During the Baptist Women In Ministry Mentoring Program Retreat in January, Bianca Robinson Howard, Julie Long, and Dorisanne Cooper shared reflections on Mary and Martha. Their words were powerful for the women at the mentoring retreat, so we gladly share these reflections to the BWIM blog.
“Now as they went on their way, he entered a certain village, where a woman named Martha welcomed him into her home. She had a sister named Mary, who sat at the Lord’s feet and listened to what he was saying. But Martha was distracted by her many tasks; so she came to him and asked, “Lord, do you not care that my sister has left me to do all the work by myself? Tell her then to help me.” But the Lord answered her, “Martha, Martha, you are worried and distracted by many things; there is need of only one thing. Mary has chosen the better part, which will not be taken away from her.”” (Luke 10:38-42, NRSV)
In many sermons, Sunday School lessons, and other interpretations of this Luke 10 passage, Martha is set up as the negative example, the one not to be. But as one who tends to act more like Martha than Mary most of the time, I want to defend Martha a little. I know what her gifts can be. I know how much she’s needed.
It was Martha who opened up her home to Jesus, offering the radical hospitality that he talked about. It was Martha who filled his hungry belly. Martha was the one who provided the space for Mary’s encounter with Jesus to happen.
Martha provides the ministry of making space. The ministry of making space is an important one.
Table fellowship cannot happen if no one has cooked the meal. The missions offering can be collected but it will not make a difference to the people it’s meant to serve unless someone delivers it. Worshippers may not find sanctuary if no one has bothered to cut on the heat and the lights, and they can’t experience the beauty of an anthem if the choir has not rehearsed, and they cannot remember Jesus through the taste of the bread and juice if the elements have not been bought and prepared.
Martha is the one who misses the choir’s Christmas production because no one else wanted to keep the nursery that day. Martha directs Vacation Bible School every year. If you want to know where the Christmas decorations are stored or how to run the industrial dishwasher in the church kitchen, ask Martha. You can count on Martha to always show up with a casserole.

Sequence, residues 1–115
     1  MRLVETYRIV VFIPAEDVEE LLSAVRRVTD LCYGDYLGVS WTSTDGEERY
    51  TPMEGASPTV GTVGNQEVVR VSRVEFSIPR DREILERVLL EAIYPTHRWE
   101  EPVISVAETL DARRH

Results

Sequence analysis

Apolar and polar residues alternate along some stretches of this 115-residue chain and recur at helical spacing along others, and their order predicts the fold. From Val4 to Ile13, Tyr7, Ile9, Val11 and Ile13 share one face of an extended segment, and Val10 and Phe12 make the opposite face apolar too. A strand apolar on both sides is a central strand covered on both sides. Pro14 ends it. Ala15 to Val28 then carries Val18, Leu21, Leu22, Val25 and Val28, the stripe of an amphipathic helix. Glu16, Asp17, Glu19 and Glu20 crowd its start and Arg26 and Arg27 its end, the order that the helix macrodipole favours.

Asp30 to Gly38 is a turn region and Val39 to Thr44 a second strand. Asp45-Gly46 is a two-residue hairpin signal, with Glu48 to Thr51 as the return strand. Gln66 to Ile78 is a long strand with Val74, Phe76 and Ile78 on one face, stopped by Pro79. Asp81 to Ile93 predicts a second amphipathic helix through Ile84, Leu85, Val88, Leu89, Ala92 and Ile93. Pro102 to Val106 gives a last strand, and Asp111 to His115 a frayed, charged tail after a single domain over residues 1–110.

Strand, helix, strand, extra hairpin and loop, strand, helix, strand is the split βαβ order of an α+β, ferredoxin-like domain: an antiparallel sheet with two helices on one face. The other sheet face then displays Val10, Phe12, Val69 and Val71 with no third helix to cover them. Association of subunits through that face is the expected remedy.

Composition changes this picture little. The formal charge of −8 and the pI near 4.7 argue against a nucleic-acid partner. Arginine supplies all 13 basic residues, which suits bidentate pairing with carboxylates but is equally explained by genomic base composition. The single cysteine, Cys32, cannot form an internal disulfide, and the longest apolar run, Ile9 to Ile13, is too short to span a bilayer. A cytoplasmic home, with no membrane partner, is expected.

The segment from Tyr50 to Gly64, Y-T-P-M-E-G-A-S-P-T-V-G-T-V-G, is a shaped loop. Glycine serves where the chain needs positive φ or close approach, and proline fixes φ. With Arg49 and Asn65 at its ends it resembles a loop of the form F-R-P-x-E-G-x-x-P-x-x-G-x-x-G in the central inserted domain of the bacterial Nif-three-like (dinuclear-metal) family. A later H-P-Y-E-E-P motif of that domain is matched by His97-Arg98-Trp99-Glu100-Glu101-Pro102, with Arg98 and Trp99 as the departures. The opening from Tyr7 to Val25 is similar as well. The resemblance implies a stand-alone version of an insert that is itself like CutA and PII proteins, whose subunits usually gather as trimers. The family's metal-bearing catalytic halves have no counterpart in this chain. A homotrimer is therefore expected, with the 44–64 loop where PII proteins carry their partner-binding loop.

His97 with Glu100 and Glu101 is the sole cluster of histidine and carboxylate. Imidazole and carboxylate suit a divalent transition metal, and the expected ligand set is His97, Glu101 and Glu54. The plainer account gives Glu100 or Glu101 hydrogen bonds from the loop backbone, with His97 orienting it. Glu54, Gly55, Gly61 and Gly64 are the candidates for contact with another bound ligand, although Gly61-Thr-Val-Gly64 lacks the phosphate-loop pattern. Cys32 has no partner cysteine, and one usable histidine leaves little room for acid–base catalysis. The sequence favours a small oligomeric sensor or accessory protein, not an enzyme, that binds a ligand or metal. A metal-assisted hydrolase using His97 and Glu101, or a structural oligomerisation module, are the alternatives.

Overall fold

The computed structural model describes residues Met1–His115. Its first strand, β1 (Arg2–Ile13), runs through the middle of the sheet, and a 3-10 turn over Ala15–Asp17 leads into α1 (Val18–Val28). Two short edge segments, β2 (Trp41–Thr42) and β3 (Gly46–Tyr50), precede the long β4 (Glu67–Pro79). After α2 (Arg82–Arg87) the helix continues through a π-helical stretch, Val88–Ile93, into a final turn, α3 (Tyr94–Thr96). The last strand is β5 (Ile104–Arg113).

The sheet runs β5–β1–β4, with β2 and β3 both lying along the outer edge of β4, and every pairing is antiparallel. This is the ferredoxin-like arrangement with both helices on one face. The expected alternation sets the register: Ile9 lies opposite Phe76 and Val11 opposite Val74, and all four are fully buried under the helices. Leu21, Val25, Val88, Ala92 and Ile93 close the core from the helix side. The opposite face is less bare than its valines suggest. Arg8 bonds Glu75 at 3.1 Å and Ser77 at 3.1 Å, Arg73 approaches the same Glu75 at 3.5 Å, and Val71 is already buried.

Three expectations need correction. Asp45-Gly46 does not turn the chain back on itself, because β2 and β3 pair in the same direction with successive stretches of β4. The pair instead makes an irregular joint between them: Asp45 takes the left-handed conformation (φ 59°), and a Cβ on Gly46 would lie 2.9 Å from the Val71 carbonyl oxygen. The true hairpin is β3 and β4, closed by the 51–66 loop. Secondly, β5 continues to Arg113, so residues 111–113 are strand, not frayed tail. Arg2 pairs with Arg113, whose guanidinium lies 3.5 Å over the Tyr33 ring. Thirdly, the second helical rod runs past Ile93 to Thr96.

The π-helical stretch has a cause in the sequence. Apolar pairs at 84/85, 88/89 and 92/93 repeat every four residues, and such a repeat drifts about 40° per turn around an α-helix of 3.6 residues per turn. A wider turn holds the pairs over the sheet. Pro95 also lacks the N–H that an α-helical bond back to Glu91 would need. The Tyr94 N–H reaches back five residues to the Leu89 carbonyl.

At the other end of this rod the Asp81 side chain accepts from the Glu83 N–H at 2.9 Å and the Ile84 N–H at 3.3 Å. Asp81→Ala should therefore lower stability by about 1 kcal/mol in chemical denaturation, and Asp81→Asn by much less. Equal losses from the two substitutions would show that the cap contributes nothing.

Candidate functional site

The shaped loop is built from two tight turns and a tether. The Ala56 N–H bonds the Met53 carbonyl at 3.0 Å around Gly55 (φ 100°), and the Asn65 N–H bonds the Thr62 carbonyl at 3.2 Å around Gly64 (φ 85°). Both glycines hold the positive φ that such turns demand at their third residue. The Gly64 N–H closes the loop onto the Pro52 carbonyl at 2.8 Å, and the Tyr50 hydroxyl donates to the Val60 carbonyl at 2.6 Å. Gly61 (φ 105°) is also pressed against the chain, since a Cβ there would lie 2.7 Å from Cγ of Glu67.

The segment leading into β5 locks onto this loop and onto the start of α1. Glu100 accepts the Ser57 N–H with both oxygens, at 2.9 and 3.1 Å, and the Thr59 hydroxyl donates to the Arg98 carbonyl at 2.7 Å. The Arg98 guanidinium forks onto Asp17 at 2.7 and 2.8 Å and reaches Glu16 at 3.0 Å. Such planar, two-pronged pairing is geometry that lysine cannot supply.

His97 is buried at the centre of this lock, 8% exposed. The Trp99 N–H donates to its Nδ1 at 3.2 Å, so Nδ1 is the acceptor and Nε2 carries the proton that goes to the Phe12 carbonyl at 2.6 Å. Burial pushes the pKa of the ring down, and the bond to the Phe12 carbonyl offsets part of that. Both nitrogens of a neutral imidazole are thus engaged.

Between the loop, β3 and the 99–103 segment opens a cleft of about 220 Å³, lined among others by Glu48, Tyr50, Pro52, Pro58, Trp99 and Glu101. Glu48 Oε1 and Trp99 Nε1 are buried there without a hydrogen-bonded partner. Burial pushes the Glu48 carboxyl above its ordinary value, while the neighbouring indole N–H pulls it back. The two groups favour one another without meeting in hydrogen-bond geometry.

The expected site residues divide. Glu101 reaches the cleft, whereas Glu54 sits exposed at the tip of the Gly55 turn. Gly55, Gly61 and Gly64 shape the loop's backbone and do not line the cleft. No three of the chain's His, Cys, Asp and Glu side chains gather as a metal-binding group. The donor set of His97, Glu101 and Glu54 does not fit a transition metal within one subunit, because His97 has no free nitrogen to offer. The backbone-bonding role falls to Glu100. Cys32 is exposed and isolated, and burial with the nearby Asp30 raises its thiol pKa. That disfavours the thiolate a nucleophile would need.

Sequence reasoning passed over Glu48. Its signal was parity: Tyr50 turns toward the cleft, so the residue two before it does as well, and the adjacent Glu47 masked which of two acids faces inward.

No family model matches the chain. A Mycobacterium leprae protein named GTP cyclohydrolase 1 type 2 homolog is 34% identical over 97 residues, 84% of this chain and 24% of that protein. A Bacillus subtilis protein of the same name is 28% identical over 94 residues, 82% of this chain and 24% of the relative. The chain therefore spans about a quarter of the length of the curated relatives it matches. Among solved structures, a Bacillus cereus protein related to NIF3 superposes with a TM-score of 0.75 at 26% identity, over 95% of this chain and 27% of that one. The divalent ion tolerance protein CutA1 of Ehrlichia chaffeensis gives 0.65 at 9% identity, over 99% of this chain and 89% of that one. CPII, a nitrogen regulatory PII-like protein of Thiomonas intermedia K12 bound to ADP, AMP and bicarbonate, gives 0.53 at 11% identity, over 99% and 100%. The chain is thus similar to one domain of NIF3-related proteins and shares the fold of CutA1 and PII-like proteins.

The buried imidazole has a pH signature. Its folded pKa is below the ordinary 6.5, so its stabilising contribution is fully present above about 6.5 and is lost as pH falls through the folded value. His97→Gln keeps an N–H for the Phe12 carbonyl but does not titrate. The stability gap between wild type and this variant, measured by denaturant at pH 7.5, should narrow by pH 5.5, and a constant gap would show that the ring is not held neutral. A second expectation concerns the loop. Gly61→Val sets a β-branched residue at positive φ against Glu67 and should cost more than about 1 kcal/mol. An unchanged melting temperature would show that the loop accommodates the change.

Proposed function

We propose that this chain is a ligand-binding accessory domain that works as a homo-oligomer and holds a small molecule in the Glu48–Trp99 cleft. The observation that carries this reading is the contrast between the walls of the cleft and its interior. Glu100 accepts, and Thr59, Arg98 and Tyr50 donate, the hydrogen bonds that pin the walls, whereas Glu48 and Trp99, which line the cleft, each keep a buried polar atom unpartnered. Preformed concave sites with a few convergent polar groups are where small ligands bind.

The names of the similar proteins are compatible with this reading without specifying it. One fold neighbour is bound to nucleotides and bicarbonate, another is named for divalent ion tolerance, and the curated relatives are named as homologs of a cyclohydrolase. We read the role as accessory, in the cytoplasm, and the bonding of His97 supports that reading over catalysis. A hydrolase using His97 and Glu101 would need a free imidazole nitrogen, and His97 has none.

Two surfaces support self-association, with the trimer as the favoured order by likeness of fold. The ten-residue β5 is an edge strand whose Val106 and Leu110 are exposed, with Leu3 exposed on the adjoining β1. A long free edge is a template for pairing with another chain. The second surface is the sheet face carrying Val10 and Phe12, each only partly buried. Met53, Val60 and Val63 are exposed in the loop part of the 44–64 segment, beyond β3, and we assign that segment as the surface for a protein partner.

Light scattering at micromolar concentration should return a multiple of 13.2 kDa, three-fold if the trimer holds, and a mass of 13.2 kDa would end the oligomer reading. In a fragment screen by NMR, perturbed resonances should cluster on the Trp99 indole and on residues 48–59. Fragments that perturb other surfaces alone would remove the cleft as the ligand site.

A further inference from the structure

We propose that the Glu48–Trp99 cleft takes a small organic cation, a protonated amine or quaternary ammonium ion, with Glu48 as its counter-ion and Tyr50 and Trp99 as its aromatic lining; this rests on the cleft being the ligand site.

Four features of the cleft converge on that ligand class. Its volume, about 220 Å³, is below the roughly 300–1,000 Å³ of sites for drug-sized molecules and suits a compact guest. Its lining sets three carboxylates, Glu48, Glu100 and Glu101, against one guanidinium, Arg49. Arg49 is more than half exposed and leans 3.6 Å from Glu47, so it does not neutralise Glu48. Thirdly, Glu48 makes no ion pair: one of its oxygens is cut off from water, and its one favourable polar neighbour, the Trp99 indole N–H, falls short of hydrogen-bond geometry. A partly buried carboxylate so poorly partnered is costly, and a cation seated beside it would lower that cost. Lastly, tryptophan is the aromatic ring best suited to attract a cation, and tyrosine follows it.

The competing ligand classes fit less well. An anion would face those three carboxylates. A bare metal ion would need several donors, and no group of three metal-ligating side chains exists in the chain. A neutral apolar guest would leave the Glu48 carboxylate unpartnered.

Martha’s strength is taking the lead where action is required. She wants the job done well, and she is infuriated when she counts on someone else and they drop the ball.
You know her. You, too, may be a lot like her. And you give thanks to God for her because Sacred moments that take place in sacred spaces because of Martha.
You know these things, and surely Jesus does, too. So what does he mean by seemingly reprimanding Martha? Is he not appreciative of all that she does?
A few interesting things to consider about this story and this relationship:
•I think it’s helpful for us to consider the context of this story. This story comes right after Good Samaritan story, in which Jesus has shown us the importance of taking action. “Go and do likewise,” he says. And then, in the story of Martha and Mary, Jesus affirms Mary’s desire to sit and be attentive to the Word. “This is the better part,” he says. So which is it?
We need both stories. The model for the disciple is found in the juxtaposition of the two. Disciples often need more discrimination, not more vigorous effort.
• When Jesus responds to Martha’s complaint about Mary’s unhelpfulness, surely he’s not unappreciative of all she has done. He doesn’t criticize Martha’s active service. Rather, he focuses on the fact that she is “anxious and troubled about many things.” Her service is “distracted,” and it is this anxious, driven service that Jesus contrasts with “the one thing that is needful,” which is Mary’s attentiveness.
Jesus doesn’t say Martha is to abandon her work. But he does invite her to center her life. This is not a story about the supremacy of a life of prayer over a life of action. It’s an invitation to move from being distracted to being attentive—in our prayer as well as in our action.
When we busy ourselves out of our fear or anxiety or jealousy or a need to control, we have come off center. Jesus was inviting Martha to reconsider why she was doing what she was doing and to realign.
• Jesus may have been encouraging Martha to step out of the box that she found herself in. Martha is fulfilling the role assigned to her by society. In contrast, “By sitting at Jesus’ feet, Mary is acting like a male. She neglects her duty to assist her sister in the preparation of the meal and violates a clear social boundary. Jesus allows Mary to claim the same role that the disciples later claim for themselves – not to leave the ministry of the word to serve tables.
To love God with all one’s heart and one’s neighbor as oneself meant then and now that one must often reject society’s rules in favor of the codes of the kingdom. Perhaps Jesus was empowering Martha to break the rules and follow Jesus’ example.
There’s nothing wrong with “everything in its place” and “wanting a well-run household,” is there? No, there’s not. But when the process or the product become more important than the people served, Martha has become unhealthy. This is what Jesus reminds Martha of.